What to do if you discover a shortfall
If your employee has not been paid the correct minimum wage, they are entitled to be paid a sum representing the shortfall. If you discover the shortfall, you should make an additional payment to your employee representing the shortfall as soon as is practicable, as well as ensuring that future pay rates are set above the appropriate minimum hourly rate.
Self-correcting an error, means that if HMRC (who are responsible for compliance) undertake an investigation, they won’t find an underpayment and you can avoid any action being taken against you.
However, employers have to ‘self-correct’ accurately. It is also important that when they pay any extra amount over that it is clearly identified as NMW/NLW arrears. As part of the self-correction process, they must check back up to six years to make sure there have been no similar failings.
Don has an employee Jake, who is 24. On 1 May 2023, Don realises he is still paying Jake £9.50 an hour – the rate for those aged 23 and over from 1 April 2022. Don has missed the 1 April 2023 changes which mean that Jake’s rate should now be £10.42.
Don immediately calculates, based on Jake’s hours in his monthly pay period of 1 April 2023 to 30 April 2023 of 151 hours, that there has been an underpayment of £138.92 (the difference between £9.50 and £10.42 x 151 hours). As well as putting things right going forward, Don pays the extra £141.50 to Jake in May 2023.
In calculating the amount to be paid to your employee in respect of the shortfall, you should use the current NMW/NLW hourly rate, even if the shortfall occurred at a time when the rates were lower. This is in recognition of loss of purchase power your employee may have suffered from the initial underpayment.
The way that you work out the amount you need to pay is by using the formula (underpayment/original rate) x current rate.
Jane, who is 38, works out that she was underpaid the minimum wage by £256, during the period May to September 2018. During this time, her minimum wage rate was £7.83. However, it is now £10.42. Rather than pay Jane the £256, the employer must pay Jane £340.68 (that is, £256 divided by £7.83 multiplied by £10.42).
If your employee discovers the shortfall and you have not self-corrected it, he or she can report you to HMRC and/or make a claim to the Employment Tribunal.
You should be aware that correcting a shortfall may also mean that you are required to pay additional PAYE tax/NIC to HMRC on a backdated basis and pay additional pension contributions to your employees’ scheme.
HMRC have some guidance on dealing with pay arrears for tax and NIC purposes in section 1.19 of their CWG2 booklet (Further guide to PAYE and NIC).
Essentially, employers should deduct PAYE tax at the rates that were in operation for the years to which the arrears are attributable and in accordance with the employee’s tax code for the year and as if the additional pay had been paid at ‘week 53’ for the year.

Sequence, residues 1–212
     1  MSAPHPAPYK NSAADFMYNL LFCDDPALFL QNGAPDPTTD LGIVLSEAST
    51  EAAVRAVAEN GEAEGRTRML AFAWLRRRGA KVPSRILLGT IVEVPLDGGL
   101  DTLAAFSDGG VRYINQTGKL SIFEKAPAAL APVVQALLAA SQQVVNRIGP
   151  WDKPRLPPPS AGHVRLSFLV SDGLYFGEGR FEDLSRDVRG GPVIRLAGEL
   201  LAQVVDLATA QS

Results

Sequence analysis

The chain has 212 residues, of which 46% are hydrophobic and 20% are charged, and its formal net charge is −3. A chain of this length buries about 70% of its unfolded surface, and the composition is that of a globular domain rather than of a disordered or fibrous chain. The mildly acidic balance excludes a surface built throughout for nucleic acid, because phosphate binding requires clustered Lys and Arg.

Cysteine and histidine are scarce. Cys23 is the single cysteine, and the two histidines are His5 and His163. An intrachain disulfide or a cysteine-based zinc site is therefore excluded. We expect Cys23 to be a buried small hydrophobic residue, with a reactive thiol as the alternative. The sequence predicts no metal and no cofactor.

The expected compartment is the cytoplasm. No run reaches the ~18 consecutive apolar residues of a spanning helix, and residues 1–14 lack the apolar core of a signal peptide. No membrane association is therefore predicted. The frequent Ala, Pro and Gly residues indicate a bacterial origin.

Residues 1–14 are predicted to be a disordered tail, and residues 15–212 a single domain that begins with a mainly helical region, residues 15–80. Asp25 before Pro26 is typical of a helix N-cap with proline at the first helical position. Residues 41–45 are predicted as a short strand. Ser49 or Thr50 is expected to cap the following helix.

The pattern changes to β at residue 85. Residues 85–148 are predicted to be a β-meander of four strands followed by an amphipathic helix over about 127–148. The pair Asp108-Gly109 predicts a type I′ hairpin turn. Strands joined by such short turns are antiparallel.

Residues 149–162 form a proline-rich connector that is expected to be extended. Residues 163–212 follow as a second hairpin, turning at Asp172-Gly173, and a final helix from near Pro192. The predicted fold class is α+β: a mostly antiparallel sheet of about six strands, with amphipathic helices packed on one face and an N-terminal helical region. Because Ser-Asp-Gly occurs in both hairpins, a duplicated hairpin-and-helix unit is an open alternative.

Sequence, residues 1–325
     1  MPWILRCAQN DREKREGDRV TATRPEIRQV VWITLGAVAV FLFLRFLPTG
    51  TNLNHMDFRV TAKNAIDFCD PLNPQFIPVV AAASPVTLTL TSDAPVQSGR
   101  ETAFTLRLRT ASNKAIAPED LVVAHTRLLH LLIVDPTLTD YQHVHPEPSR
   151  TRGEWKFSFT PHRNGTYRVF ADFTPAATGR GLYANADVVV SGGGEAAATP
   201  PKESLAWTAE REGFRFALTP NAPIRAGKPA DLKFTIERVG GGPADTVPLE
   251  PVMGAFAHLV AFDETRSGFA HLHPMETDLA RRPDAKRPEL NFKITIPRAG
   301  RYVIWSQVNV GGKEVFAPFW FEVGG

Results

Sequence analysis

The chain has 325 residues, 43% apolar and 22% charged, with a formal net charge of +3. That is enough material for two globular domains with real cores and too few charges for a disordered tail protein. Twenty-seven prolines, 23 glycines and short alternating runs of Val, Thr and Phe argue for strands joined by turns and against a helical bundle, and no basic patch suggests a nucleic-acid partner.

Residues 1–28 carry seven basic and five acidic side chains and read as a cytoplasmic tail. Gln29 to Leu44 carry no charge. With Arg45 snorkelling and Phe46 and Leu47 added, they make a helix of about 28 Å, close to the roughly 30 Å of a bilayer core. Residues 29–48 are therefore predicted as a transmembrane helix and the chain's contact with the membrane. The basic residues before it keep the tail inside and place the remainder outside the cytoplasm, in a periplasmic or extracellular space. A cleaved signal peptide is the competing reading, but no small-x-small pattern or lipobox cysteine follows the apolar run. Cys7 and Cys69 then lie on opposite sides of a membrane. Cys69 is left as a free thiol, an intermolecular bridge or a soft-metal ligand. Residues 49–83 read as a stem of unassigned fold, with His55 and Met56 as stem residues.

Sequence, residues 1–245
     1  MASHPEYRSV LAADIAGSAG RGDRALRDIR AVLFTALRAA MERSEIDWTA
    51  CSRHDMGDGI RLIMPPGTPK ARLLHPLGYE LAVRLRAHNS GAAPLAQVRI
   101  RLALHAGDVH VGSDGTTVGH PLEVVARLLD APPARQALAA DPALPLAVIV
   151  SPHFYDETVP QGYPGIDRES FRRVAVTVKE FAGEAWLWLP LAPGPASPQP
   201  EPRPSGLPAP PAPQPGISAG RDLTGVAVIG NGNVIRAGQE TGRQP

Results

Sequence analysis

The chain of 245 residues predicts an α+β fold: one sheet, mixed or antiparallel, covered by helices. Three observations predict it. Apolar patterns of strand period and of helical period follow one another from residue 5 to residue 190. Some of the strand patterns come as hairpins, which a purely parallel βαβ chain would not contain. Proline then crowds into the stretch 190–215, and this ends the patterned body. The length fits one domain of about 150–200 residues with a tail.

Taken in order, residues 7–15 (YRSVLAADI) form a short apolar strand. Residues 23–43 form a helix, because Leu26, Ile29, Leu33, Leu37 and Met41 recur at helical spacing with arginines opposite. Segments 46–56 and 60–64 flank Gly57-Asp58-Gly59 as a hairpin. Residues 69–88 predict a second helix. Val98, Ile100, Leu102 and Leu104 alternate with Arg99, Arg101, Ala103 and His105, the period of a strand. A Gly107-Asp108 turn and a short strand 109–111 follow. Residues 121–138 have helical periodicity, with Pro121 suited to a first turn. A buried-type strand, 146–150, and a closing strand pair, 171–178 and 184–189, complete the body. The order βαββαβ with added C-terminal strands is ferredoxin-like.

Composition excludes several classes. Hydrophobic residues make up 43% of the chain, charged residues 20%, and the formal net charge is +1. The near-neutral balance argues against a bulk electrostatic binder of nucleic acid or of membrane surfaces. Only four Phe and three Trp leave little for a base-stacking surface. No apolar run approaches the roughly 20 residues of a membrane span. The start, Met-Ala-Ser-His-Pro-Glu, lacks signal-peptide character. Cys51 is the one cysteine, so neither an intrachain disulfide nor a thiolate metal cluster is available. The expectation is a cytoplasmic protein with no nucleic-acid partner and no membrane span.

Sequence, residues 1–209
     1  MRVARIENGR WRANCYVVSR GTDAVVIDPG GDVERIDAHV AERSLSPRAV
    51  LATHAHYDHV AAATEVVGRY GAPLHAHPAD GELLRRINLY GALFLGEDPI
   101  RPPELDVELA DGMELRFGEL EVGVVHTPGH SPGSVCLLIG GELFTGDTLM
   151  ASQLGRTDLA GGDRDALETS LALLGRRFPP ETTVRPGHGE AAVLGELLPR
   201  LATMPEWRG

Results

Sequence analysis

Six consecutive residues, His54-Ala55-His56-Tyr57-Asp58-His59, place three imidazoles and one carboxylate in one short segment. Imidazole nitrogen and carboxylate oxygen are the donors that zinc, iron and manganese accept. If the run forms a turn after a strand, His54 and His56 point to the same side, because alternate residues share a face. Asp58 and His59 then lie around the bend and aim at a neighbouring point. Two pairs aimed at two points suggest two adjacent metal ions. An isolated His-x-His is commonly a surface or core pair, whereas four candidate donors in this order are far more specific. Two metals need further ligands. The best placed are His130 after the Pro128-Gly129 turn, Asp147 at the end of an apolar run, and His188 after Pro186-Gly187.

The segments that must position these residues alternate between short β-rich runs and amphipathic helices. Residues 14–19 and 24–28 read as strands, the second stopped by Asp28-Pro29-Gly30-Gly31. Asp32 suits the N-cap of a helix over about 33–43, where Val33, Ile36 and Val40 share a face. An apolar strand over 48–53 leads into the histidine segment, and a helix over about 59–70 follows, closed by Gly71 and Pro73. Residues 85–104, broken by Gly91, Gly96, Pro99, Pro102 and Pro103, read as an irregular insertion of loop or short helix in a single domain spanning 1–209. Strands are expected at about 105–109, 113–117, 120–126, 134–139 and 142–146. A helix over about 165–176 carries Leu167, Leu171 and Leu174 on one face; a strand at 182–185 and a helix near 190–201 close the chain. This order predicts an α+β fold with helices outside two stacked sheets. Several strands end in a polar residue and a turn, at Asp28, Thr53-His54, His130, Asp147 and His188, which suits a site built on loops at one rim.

The NIC element is worked out differently and is calculated on the basis of the year the payment is made only: it is not related back to prior years.
If correcting a minimum wage error means that you need to pay more pension contributions, you should speak to The Pensions Regulator or the pension scheme provider concerned for further instructions.
Minimum wage compliance
HMRC are responsible for enforcing the minimum wage. As well as reacting to individual complaints, HMRC minimum wage officers also conduct proactive risk-based enforcement.
It is important to understand that HMRC will investigate 100% of complaints they receive. Complaints can be made anonymously by workers and once received, HMRC will start an investigation against an employer, covering all aspects of NMW/NLW risk, not just the complaint itself. HMRC’s proactive investigations have typically been driven by risk profiling sectors. So, for example, HMRC will open a small number of investigations in a sector, learn the typical NMW/NLW risks and the dynamics of the sector, and will then replicate this with other businesses in the sector.
If HMRC discovers or believes there is a shortfall, it can do things like:
- Issue a notice of underpayment requiring the employer to pay arrears;
- Require the employer to pay 200% of the total underpayment, or £100 (whichever is the greater), up to a maximum of £20,000 in respect of each worker identified in the notice of underpayment (the penalty is reduced by 50% if the employer complies with the notice within 14 days of its service);
- Name and shame the employer.
The employer can appeal against any notice of underpayment if they believe that there is no underpayment or that the amount in the notice is wrong. They can also appeal against any penalty imposed by HMRC.
A few employers try and sidestep the minimum wage rules, by doing things like paying cash-in-hand so that hours and wages go unrecorded and forcing workers to say they are self-employed. However, you should know that there are also a number of criminal sanctions for employers not paying someone the NMW or NLW or falsifying payment records.
You can read more about the consequences for employers of not paying the minimum wage on GOV.UK.
You can read the government’s guidance on its approach to enforcement of the minimum wage on GOV.UK.
Getting help with NMW/NLW
There is a comprehensive employer guide to calculating the NMW and NLW produced by the Department of Business, Energy and Industrial Strategy that you may find helpful, as it covers more complex topics. HMRC's technical manual can be found on GOV.UK.
If there is any uncertainty for you at all about the NMW or NLW, we advise that you contact the ACAS Pay and Work Rights helpline on 0300 123 1100 for further advice.